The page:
Categories: French Grammar

Appartenance, Belonging in French

Appartenance, Belonging in French

In English we use the apostrophe: John’s book, or nothing for plural. In French we use “de” and “à”. (Don’t forget that these two words have several meanings that have nothing to do with this lesson!)

1. Noun + de + Noun:

John’s book: le livre de John (livre and John are nouns)
My friends’ book: le livre de mes amis
The director’s opinion: l’avis du directeur
The dog’s food: la nourriture du chien
The cow’s milk: le lait de la vache

The same rule for: noun + de + clause:
Ce sont les affaires de ceux qui sont partis: these are the belongings of the ones who left

With a person name we don’t need any article with a common name we do (mes, du…)

2. Noun + à + Personal Pronoun:

Le livre de John, c’est son livre à lui (lui is a personal pronoun: him)
Elle a une méthode bien à elle: she has a very personal method (or “bien à lui” for a boy)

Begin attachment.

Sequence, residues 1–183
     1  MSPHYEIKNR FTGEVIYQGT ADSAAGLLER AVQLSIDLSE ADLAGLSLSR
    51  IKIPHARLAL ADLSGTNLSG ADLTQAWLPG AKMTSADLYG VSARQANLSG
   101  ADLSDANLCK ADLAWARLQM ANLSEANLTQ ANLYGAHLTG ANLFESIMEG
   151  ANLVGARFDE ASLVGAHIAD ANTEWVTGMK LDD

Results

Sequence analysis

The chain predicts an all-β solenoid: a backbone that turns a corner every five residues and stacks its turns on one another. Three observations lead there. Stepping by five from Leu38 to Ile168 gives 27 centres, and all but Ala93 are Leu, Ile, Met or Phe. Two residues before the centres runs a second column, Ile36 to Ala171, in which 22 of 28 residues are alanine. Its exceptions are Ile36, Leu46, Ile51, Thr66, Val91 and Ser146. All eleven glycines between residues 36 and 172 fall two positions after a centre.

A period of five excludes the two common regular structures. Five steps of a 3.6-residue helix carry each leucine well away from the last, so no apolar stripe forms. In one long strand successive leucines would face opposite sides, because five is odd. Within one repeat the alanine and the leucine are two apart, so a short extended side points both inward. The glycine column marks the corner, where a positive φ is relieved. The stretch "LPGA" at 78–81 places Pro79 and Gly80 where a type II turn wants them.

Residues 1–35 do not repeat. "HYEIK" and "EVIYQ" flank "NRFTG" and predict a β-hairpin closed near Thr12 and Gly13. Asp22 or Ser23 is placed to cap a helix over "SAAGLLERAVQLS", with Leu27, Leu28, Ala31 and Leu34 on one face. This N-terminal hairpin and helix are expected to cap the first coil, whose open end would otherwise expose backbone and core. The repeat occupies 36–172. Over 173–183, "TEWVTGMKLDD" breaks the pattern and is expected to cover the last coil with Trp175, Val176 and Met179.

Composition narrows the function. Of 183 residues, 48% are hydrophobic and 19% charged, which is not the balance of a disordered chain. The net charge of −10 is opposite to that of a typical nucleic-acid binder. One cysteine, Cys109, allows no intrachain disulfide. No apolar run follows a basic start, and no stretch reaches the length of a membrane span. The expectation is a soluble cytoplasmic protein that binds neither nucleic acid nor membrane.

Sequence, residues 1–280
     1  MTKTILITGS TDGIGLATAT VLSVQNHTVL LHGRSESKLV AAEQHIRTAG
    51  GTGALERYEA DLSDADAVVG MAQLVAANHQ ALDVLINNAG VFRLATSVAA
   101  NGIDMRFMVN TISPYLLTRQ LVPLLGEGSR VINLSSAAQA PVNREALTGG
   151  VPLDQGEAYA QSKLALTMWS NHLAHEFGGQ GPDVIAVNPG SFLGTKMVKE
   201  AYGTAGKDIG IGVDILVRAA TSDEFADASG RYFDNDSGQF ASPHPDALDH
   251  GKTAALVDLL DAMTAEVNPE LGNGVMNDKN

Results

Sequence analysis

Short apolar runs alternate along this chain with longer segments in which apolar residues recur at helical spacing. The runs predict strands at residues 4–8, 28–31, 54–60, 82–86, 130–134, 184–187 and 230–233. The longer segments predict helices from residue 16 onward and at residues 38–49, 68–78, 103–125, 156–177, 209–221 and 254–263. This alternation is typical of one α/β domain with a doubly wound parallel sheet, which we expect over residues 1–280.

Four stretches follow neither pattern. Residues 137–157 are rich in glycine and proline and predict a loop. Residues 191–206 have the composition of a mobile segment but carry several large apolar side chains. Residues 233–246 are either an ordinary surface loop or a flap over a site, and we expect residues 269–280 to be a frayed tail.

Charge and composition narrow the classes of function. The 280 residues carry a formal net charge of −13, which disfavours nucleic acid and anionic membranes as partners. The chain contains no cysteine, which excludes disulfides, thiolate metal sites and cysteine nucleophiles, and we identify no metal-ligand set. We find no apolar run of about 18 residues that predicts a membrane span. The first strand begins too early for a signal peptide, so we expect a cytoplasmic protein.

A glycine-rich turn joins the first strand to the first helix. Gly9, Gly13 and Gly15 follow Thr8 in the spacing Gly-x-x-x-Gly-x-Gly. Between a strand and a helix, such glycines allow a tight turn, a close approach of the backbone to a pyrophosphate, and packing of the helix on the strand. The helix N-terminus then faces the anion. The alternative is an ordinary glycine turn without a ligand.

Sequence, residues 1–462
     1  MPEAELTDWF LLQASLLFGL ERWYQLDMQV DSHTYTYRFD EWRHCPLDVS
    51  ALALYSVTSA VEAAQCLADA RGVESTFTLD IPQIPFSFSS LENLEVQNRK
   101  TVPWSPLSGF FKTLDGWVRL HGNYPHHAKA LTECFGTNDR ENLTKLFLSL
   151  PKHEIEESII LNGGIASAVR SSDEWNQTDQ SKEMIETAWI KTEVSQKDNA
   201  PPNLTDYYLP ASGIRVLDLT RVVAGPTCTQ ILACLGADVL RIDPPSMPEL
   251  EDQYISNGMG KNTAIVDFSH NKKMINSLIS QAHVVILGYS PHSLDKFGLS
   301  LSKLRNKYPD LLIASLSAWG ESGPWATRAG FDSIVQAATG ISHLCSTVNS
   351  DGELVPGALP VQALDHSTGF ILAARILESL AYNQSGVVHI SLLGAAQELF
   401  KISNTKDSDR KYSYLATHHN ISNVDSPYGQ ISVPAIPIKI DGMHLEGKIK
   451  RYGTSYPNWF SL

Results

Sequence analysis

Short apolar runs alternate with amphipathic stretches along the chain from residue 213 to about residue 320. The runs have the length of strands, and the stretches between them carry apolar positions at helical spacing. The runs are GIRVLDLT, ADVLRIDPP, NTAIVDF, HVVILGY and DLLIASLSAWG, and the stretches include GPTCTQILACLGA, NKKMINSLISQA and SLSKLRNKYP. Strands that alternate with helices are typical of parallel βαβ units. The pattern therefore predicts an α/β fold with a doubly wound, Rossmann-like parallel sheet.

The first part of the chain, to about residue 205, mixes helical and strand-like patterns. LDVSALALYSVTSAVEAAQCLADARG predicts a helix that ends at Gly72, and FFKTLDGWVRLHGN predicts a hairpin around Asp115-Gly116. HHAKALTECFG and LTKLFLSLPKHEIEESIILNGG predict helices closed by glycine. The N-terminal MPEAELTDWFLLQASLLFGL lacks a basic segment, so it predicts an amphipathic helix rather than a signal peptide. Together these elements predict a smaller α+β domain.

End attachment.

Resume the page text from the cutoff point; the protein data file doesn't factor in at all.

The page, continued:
Ils n’ont pas de voitures à eux: they haven’t got a car of their own
Je vous présente un ami à elles: I am introducing you to a friend of them
C’est à qui? (à qui c’est?): whose’s that?

 

Exceptions:

Pay attention:
Il veut une photo à elle: he wants a photo that belongs to her
Il veut une photo d’elle: he want a photo of her

With the verb to be, always “à” (nouns and pronouns)

C’est à elle
C’est à Paul
C’est au directeur
C’est à sa mère…
Of course with “de” the meaning is different
“C’est d’elle” means that this is a representation of her ( a picture, a painting) or this is something she made ( a book, a painting…)

With the verb appartenir, always “à”:
Ce livre appartient à John.

Pascal Dherve

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Pascal Dherve

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